It was not from lack of knowledge on the part of God that the tares were growing, nor lack of power to exterminate them that God allowed the wheat and tares to grow together until the harvest; but for the preservation of the wheat, lest in destroying the tares, the wheat or some of it should be rooted up. The time of growing together extended to the end of the Jewish world, then came the harvest; then came the owner of the whole field, whose fan was in his hand, who said to his disciples, “Say not ye, There are yet four months, and then cometh harvest. Behold, I say unto you, Lift up your eyes, and look on the fields; for they are white already to harvest.” – John iv. 35. His coming to make the separation between the wheat and the tares is called the end of the world, meaning, as we presume, the end of the old, legal or Jewish dispensation. “But now once in the end of the world hath he [Christ] appeared to put away sin by the sacrifice of himself.” – Heb. ix. 26. Jesus said, “And I say unto you, That many shall come from the east and west, and shall sit down with Abraham, and Isaac, and Jacob, in the kingdom of heaven. But the children of the kingdom [tares, who were Abraham’s seed according to the flesh] shall be cast out into outer darkness; there shall be weeping and gnashing of teeth.” – Matt. viii. 11,12; Luke xiii. 25-30.

Neither our creation in the earthly Adam, nor our descent from him by natural generation, can distinguish us as children of God, or as children of the devil; both these relations are spiritual. God’s children are in his appointed time born of his spirit, of incorruptible seed, and they shall serve him, and be accounted to the Lord for a generation. “They shall come, and shall declare his righteousness unto a people that shall be born, that he hath done this.” – Psa. xxii. 30,31. “Thus saith the Lord, As the new win is found in the cluster, and one saith, Destroy it not, for a blessing is in it: so will I do for my servants’ sakes, that I may not destroy them all. And I will bring forth a seed out of Jacob, and out of Judah an inheritor of my mountings: and mine elect shall inherit it, and my servants shall dwell there.” – Isa. lxv. 8,9. This seed existed in Christ from of old, from everlasting; were chosen in him before the foundation of the world, and according to that choice were blessed with all spiritual blessings in heavenly places in him, according to the purpose and grace of God, which was given them in Christ Jesus before the world began; therefore are they called, “A chosen generation, a royal priesthood, a holy nation, a peculiar people,” chosen from the beginning unto salvation, through sanctification of the Spirit and belief of the truth. God is the Father of our spirits, if we are his children, and Satan is the father of that murderous, lying spirit by which his children are known as a generation of vipers, and a seed of evil does; so it is the Spirit of which we are born, and not our fleshly nature which is born of the flesh, that distinguishes the children of the wicked one from the children of the living God.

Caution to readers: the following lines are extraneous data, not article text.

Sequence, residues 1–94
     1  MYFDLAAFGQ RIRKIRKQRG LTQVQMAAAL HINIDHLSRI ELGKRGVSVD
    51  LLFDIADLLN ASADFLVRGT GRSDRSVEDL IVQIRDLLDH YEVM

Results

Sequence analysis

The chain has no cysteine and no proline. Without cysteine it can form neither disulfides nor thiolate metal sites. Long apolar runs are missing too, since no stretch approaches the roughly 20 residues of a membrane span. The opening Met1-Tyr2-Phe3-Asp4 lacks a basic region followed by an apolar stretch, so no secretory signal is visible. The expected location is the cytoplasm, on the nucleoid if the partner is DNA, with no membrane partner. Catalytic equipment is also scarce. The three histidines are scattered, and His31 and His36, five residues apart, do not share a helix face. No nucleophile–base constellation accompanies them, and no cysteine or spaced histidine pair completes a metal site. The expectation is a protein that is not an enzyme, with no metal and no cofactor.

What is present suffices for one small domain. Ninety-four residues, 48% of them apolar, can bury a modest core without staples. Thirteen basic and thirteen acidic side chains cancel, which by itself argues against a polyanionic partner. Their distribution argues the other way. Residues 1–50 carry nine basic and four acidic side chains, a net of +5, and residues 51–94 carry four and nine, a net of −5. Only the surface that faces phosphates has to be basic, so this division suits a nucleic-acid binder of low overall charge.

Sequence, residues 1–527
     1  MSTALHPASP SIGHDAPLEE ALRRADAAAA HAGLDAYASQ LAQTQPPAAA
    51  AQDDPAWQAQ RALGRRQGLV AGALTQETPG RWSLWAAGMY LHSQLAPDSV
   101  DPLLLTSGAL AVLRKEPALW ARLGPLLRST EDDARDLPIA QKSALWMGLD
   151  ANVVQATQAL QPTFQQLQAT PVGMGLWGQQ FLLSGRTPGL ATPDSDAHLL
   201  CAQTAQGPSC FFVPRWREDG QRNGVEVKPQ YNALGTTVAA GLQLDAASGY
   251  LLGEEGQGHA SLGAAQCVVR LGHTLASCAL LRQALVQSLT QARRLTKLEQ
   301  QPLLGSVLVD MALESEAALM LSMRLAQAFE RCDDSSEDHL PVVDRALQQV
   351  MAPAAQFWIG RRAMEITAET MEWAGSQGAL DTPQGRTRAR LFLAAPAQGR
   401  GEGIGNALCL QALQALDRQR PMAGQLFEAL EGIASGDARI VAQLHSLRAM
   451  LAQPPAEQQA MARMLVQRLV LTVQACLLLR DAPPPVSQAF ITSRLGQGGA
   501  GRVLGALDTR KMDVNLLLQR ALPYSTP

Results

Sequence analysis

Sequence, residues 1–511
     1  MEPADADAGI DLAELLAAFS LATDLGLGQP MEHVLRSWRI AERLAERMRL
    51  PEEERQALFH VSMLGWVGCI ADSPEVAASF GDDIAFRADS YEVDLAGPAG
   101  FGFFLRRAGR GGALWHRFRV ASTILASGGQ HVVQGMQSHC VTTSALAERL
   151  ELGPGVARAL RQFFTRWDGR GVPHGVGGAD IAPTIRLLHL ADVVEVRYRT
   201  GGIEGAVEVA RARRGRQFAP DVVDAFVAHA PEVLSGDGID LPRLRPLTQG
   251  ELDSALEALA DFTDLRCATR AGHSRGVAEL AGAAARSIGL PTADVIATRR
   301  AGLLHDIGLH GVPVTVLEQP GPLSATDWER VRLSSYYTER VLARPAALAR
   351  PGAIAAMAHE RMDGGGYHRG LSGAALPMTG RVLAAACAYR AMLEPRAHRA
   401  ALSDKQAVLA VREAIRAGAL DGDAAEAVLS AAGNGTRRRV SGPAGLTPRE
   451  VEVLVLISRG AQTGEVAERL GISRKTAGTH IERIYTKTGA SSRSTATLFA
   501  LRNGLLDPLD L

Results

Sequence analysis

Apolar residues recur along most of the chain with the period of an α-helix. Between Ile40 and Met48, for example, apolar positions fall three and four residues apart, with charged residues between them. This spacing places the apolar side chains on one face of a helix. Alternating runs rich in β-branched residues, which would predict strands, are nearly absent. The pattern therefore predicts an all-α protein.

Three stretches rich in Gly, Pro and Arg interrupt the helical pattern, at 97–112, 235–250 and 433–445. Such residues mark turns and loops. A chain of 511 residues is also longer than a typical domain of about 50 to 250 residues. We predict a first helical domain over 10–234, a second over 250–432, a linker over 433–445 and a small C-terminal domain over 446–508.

In answer to the other question, there can be no doubt that our Savior was correct in his words recorded John xvii. 6, and in every word which was ever spoken by him. The men unto whom he had manifested the name of the Father were most indisputably men whom his Father had given him out of the world. His words are too explicit and definite to admit of any other construction; for he adds, “Thine they were, and thou gavest them me.” And in John x. 29 he says, “My Father which gave them me is greater than all, and none is able to pluck them out of my Father’s hand. I and my Father are one.” We do not for a moment admit that any argument would be in place on our part to prove that his words are always faithful and true; and while we accept his positive declaration that his people were given him of the Father out of the world, we also accept as equally true the declaration of the inspired apostle, that God, the exceeding greatness of whose power raised up Christ’s crucified body from the dead, has given him to be the head over all to the church, which is his body, the fullness of him that filleth all in all. – Eph. i. 19-23. How sweetly sang the spouse, “My beloved is mine, and I am his.” – Song. ii. 16. What an unspeakable gifts is Christ to his church! No language at our command can express its immensity. Given to be our Savior, our Prophet Priest and King, our wisdom, righteousness, sanctification and redemption, our Advocate with the Father, our Husband, Shepherd, and our salvation. It is true, no blood of sinful mortals could have met the demands of the law which we have transgressed, or could wash from our pollutions; but he is not only given to be the propitiation for our sins, but to be the life of all our delights and spiritual comfort for time and for eternity.

We have given such views as we have on the questions submitted, and leave brother Parker and all who read them to compare them with the divine standard of truth, and accept them only so far as they are sustained by the word and spirit of God.

Elder Gilbert Beebe
Middletown, N.Y.

Signs of the Times
Volume 48, No. 8
April 15, 1880